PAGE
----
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EDITORIAL: The Sensitive Price Index (SPI) for the week ending 4 November 2021 registered a rise of 0.67 percent as per the Pakistan Bureau of Statistics (PBS) with 28 items witnessing a rise in prices (price of 3 items rising by 5.88 percent) and 20 items remaining stable. This does not include the rise in the prices of petroleum and products as the government’s decision was notified at around 2am on 5 November, effective the same day instead of the usual practice of effectiveness from the first and the 15th of a month.

Hindsight indicates that the four-day delay may be attributable to the Prime Minister’s address to the nation on 3 November in which he announced a 120 billion rupee package targeted to subsidise wheat, pulses and cooking oil by 30 percent for those with income less than 31,500 rupees per month. Fed up of the incessant criticism of the regularly rising SPI, the federal cabinet in its wisdom has decided to do away with the weekly SPI and instead shall now only release the Consumer Price Index every month in conformity with the practice in India and Bangladesh.

Three observations are necessary. First, in his address the Prime Minister warned that petroleum prices would have to rise as there was a rising shortfall in the budgeted 610 billion rupee from petroleum levy (PL); however, he did not justify either the loss of revenue due to the four-day delay nor did he indicate that the government is working to implement reforms in the tax structure targeted to reduce dependence on indirect taxes like PL (whose incidence on the poor is greater than on the rich) in favour of higher reliance on direct taxes.

Second, by the time his address was telecast the prices of all three items - wheat, sugar and cooking oil - had risen, raising questions about whether there would be an adjustment in the incentive package and/or subsidy.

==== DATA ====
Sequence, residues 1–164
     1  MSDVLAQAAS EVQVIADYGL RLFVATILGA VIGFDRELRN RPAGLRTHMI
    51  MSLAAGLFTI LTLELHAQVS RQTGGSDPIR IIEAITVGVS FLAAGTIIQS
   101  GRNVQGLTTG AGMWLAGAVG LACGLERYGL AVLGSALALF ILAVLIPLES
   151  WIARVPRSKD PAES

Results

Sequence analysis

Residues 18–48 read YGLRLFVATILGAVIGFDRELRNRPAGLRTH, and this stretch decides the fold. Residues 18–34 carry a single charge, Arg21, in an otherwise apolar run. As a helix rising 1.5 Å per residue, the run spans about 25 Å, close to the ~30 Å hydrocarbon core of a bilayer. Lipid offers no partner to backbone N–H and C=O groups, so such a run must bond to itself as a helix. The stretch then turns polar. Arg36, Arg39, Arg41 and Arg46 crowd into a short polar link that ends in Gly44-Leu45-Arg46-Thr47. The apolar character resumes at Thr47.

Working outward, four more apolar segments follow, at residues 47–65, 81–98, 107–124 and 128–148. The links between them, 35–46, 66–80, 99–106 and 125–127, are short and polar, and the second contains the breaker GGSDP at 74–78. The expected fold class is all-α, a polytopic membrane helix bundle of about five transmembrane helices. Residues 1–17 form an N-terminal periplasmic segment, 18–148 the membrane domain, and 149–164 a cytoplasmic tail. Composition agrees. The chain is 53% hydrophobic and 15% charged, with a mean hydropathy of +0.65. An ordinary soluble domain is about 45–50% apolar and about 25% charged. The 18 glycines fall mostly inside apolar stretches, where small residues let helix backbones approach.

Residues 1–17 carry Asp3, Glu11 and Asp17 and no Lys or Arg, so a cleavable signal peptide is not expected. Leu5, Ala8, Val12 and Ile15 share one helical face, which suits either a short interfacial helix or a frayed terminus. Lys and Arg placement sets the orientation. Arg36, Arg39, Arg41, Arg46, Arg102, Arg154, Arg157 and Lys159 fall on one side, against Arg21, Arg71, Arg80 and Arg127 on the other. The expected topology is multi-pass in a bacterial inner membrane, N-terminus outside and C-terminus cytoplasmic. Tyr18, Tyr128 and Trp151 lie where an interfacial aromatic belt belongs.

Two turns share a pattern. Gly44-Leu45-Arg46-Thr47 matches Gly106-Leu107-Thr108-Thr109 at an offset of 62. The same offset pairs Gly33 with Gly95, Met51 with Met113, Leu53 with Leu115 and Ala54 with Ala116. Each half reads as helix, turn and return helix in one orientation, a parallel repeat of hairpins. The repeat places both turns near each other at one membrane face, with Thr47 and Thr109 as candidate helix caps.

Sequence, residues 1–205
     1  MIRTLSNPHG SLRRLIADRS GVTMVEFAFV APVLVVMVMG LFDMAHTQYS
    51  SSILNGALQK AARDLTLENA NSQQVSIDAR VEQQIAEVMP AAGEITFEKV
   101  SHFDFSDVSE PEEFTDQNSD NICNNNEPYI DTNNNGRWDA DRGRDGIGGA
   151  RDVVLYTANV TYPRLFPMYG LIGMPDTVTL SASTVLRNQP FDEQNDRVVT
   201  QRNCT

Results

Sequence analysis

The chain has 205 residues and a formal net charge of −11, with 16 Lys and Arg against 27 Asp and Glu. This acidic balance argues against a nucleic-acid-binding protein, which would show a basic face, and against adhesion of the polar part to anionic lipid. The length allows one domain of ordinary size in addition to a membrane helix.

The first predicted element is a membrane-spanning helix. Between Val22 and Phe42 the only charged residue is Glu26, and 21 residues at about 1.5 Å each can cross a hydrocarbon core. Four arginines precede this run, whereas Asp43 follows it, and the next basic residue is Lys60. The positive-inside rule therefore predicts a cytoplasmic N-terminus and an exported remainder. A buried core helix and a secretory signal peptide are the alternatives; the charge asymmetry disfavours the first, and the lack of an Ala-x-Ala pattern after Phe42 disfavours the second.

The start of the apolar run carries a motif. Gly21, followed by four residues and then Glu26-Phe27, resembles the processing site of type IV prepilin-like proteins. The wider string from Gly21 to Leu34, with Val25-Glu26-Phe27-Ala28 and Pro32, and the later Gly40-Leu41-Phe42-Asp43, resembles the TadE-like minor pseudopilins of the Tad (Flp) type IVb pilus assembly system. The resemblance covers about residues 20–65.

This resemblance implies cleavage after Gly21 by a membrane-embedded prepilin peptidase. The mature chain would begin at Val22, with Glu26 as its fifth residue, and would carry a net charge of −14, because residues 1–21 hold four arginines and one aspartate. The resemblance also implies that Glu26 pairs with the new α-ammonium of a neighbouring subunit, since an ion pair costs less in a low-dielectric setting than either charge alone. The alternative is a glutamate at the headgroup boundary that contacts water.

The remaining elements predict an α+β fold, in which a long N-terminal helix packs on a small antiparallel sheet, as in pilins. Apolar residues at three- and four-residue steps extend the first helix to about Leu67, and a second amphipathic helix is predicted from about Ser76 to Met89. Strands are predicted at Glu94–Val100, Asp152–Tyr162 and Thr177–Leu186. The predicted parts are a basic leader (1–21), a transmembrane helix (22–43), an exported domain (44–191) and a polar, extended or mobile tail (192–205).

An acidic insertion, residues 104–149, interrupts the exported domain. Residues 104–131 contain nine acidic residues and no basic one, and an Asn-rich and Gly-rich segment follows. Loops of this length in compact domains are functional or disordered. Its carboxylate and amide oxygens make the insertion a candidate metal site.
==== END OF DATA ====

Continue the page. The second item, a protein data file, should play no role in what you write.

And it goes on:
And third, and perhaps most concerning, was the fact that the Prime Minister did not take account of two basic economic facts: (i) any rise in current expenditure (subsidy) not backed by a rise in output is highly inflationary likely to exacerbate the situation if the subsidy amount is to be generated through borrowing – domestic or foreign; and (ii) current expenditure rise as a consequence of the subsidy would raise the budget deficit which again will fuel inflation. The effect of the measures announced by the prime minister to mitigate the impact of inflation on the poorer segments of society would subject them to further inflation.

The SPI notes that RLNG increased year on year by 15.21 percent, though the Prime Minister in his address did not mention the contribution of appallingly poor management by the historically largest team of federal ministers, ministers of state, advisors, and special assistants this country has ever had. It is by now public knowledge that second year running there has been an inordinate delay in importing RLNG which has caused severe supply shortages with implications on the quality of life of people and on productivity.

Additionally, Fakhr Imam, the Minister for National Food Security, in a press briefing last Friday claimed that the output of all major crops is on the rise – a claim that is irrelevant because while the contribution of agriculture to GDP is a little less than 20 percent the contribution of major crops is only 6.87 percent with livestock at 11.5 percent.

Besides, the government continues to import sugar and wheat reportedly to reduce prices charged by, according to the government, the “mafia”, with stocks either not being released, as publicly noted by adviser to the prime minister on finance Shaukat Tarin, or the quality specifically that of imported sugar is simply not in demand for reasons of appearance.

And finally, the PBS (Pakistan Bureau of Statistics) data continues to cite prices of sugar and wheat as per the controlled rates which are not being effectively implemented. Inflation data, the government needs reminding, cannot be manipulated because its impact is felt at an individual level as and when a person goes to the market for basic provisions.

Blaming the pandemic or drawing comparisons with the West and/or regional countries is a narrative that has passed its ‘sell-by date’ because inflation in Pakistan is not only double that in other regional countries but wages have lagged behind due to the severely contractionary monetary and fiscal policies implemented post-May 2019 and though there was considerable easing post-pandemic, yet, contractionary policies are continuing to this day compared to other countries.

To blame the IMF (International Monetary Fund), however, is not quite kosher for the simple reason that the Fund insists on revenue generation that is achievable but not without reforms that would end the elite capture of resources and a cut in expenditure that is politically challenging but possible. If the government can break from these constraints and begin to implement structural reforms, Pakistan would be out of the economic impasse it finds itself in today.

Copyright Business Recorder, 2021

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